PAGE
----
The "Ag-gag" Law - Is it Right?

US - Over the last two years, increasing amounts of undercover footage have become available from livestock units, often showing poor animal handling and welfare, writes Charlotte Johnston, ThePoultrySite editor.
calendar icon 27 February 2012
clock icon 3 minute read

The footage is usually produced by animal right activists, some of whom aim to promote vegetarianism or veganism.

These films only represent a minority of the industry and they have brought a sharp reaction from farmers, who carry out high-welfare production.

Under pressure to protect their agricultural industries, many states in the US have looked to introduce laws, which would prevent undercover footage being taken on livestock farms and in some states to prevent people taking on jobs under false pretences.

This week, a broad spectrum of national interest groups have signed a statement opposing any proposed "ag-gag" legislation. They believe that this would lead to critical information about the production of milk and meat products being suppressed.

Their statement says: "Not only would these bills perpetuate animal abuse on industrial farms, they would also threaten workers' rights, consumer health and safety, and the freedom of journalists, employees and the public at large to share information about something as fundamental as our food supply. "

Laws have already being passed in Montana, North Dakota and Kansas, with similar proposals in Iowa, New York, Minnesota, Indiana, Illinois, Missouri, Nebraska and Utah.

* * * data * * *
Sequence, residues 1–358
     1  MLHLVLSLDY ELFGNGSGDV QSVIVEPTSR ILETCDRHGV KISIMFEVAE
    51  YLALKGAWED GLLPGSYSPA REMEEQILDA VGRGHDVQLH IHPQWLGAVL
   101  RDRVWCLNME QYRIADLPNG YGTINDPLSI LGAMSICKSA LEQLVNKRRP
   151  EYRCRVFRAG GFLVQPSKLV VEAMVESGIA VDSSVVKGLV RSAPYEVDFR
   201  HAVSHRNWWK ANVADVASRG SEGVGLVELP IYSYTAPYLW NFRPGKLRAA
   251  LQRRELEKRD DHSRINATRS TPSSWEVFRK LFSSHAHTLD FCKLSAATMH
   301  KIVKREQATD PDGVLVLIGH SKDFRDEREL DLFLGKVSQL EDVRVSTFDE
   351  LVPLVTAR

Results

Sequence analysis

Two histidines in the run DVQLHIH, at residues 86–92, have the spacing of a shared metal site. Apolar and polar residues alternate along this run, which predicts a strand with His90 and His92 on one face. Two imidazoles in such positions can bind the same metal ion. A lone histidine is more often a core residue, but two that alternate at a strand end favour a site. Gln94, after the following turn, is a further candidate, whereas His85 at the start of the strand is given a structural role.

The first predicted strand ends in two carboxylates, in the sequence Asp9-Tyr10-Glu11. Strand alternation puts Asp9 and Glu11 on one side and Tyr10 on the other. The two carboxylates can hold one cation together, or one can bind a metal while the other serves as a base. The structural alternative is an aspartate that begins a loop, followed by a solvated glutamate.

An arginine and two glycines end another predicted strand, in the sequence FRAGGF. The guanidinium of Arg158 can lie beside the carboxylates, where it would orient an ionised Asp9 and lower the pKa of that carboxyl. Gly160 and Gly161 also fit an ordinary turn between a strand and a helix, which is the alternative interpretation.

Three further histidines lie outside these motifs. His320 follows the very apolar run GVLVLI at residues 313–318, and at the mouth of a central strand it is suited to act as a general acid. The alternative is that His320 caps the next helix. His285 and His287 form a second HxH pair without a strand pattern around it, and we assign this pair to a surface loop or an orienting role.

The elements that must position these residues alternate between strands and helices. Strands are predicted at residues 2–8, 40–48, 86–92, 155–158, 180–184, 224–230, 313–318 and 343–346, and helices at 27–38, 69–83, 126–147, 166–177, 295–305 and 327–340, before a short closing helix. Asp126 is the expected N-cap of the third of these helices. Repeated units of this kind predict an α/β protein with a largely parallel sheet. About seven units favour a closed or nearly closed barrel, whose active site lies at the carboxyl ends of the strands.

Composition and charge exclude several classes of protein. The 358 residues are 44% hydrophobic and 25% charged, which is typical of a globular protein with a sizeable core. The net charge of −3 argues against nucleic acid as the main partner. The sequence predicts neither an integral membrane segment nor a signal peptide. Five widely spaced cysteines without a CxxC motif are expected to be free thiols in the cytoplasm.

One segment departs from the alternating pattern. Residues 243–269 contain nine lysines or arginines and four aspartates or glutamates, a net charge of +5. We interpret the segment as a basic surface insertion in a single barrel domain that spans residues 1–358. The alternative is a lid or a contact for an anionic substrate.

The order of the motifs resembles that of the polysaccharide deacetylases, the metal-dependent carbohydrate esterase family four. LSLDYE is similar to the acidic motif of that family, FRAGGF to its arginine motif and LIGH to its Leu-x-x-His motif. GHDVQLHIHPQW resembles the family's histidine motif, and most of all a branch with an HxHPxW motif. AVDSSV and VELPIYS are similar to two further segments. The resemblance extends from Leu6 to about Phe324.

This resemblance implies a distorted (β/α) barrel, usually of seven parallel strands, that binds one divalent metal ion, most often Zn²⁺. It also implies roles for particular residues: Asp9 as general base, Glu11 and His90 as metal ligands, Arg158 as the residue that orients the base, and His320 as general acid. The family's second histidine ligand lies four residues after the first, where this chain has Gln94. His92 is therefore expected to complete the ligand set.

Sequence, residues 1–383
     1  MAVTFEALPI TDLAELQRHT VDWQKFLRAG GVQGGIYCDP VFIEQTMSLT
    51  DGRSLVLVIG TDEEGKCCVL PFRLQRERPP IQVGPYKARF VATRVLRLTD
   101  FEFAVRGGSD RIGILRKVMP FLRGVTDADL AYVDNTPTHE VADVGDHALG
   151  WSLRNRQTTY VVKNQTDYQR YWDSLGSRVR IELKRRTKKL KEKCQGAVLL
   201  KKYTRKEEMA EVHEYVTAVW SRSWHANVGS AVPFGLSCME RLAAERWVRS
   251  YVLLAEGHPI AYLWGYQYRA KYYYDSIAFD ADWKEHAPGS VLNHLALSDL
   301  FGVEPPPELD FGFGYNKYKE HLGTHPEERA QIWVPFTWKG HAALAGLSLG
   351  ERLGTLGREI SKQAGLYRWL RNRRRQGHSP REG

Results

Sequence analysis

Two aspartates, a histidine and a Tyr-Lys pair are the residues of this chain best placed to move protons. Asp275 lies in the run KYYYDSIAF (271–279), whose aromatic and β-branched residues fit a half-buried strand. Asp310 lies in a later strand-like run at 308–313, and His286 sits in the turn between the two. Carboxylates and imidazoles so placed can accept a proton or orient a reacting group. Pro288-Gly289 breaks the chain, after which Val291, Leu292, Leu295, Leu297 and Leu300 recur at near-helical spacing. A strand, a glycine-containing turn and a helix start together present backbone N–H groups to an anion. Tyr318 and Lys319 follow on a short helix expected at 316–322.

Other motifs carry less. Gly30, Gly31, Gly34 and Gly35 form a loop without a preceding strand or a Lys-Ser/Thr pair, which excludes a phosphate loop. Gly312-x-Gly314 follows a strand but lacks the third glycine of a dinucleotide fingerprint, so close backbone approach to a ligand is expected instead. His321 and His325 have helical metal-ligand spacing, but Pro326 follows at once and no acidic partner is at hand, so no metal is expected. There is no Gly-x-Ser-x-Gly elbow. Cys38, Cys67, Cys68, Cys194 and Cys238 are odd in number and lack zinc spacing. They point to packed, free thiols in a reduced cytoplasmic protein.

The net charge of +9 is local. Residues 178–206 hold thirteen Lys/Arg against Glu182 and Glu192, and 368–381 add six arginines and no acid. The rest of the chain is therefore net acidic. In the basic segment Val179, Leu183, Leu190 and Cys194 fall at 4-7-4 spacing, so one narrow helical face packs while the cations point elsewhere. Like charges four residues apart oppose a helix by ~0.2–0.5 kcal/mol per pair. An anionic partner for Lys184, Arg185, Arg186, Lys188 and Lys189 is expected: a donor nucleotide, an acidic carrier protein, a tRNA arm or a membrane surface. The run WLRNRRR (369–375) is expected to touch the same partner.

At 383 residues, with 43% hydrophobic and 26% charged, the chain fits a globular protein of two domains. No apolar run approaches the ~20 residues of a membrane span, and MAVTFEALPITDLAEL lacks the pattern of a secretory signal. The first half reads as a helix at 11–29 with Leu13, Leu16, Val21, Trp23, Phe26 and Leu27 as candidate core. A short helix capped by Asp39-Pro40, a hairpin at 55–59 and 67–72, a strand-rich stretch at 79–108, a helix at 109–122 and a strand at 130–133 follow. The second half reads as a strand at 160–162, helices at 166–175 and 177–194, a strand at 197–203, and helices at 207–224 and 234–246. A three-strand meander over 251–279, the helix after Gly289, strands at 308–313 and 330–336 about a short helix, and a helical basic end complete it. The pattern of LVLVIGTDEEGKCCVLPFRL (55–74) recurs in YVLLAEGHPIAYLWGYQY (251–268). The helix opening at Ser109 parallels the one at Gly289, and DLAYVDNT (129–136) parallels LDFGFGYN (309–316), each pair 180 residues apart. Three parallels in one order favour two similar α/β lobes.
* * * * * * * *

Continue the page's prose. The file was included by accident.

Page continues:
Whilst undercover footage often exposes inexcusable cruelties, it also makes allegations about practices which are legal and acceptable in commercial practices.

Showing these practices to the consumer, without an explanation of why they are carried out is seen as damaging to the industry by many.

But instead of preventing undercover investigations from taking place altogether, should the industry be reaching out to consumers and explaining why certain practices take place? They are in the majority of cases to benefit the animal or the consumer.

On the other end of the scale, undercover footage in abattoirs in Indonesia made the Australian beef industry, consumers and politicians change current practices, which will lead to improved welfare of those animals exported live.

Charlotte Johnson

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